Speaking truth to leftist deniers: American is broke (with fancy charts from Heritage)

Victor Joecks

American is broke. This shouldn’t come as a surprise to anyone who’s looked at the national debt clock recently, but the unwillingness of some individuals to admit this or, worse, disparage those who point out this fact is shameful.

Consider what liberal columnist E.J. Dionne Jr. writes in the Washington Post:

Just one problem: We’re not broke. Yes, nearly all levels of government face fiscal problems because of the economic downturn. But there is no crisis. There are many different paths open to fixing public budgets. And we will come up with wiser and more sustainable solutions if we approach fiscal problems calmly, realizing that we’re still a very rich country and that the wealthiest among us are doing exceptionally well.

Two points here. First, the statement “[w]e’re not broke” really hinges on the definition of broke. Dionne is right that America has enough money pay its bills today (through unsustainable amounts of borrowing), but he’s wrong – and being wrong here has serious long-term consequences – if you define broke as not having money to meet your long-term debt obligations.

On an individual basis, imagine a man with no savings making $40,000 year who has $20,000 in student loans, $25,000 in credit card debt and $15,000 in car debt. Is he broke? Maybe not, he might be able to make minimum payments and scrap by without declaring bankruptcy.

Now imagine that same man is making a $600 a month mortgage payment, but he has a balloon payment of $250,000 due in six months. This would be fine if his home was worth the $300,000 he paid for it, but because of the downturn in the market, his home is only worth $100,000. Is that man broke? Yes, yes and yes. And if he was your friend and family member, I hope you’d have to common decency to tell him so, instead of letting him live in denial for just a little while longer and worsen the inevitable crash.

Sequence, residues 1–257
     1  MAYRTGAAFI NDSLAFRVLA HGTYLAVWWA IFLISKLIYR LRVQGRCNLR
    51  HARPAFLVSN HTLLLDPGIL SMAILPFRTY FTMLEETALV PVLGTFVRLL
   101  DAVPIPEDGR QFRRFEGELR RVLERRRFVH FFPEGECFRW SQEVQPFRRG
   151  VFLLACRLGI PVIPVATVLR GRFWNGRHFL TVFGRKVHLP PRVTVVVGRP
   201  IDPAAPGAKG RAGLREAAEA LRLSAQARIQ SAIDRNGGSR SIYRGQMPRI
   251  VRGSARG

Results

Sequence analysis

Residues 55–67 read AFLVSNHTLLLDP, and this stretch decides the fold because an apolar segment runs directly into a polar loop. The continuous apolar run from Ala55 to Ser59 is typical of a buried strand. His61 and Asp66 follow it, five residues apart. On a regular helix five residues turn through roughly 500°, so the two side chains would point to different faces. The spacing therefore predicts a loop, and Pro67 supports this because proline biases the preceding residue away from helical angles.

He can (barely) make his payments today, but in the very near future he won’t have the money needed to meet his obligations. He’s broke.

That man also represents the United States of America.

Second, Dionne’s “there is no crisis” line would be like telling the man in the story above that everything will work out if he makes no or minimal changes to his spending patterns. Sorry, America doesn’t have that kind of time.

And here’s where the charts from the Heritage Foundation’s excellent 2011 Budget Chart Book come in. America’s national debt is set to skyrocket.

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And what’s the main driver of that skyrocketing debt? Medicaid, Medicare and Social Security.
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And can we tax the rich to get of this mess? Only if you can magically get “the rich” to pay 223 percent of their income in taxes. Good luck with that.
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So why does this matter? Are you following what’s happening in Greece right now? Our debt-to-GDP ratio will approach theirs in less than 15 years.

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So what can we do about this crisis, aside from consistantly standing up to sovereign-debt-crisis deniers like Dionne and Michael Moore? Heritage also has an alternative budget plan.
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Heritage’s budget plan, Saving the American Dream, is available here. The only other budget plan I’m aware of that would fix America’s debt crisis is the one presented by Rep. Paul Ryan, A Roadmap for America’s Future.
These charts and the crisis they depict is staggering. America’s so broke, the AARP is now open to cutting Social Security benefits.
It’s (way past) time to admit America’s broke and take steps to fix the problem.
Step 1: Cut spending.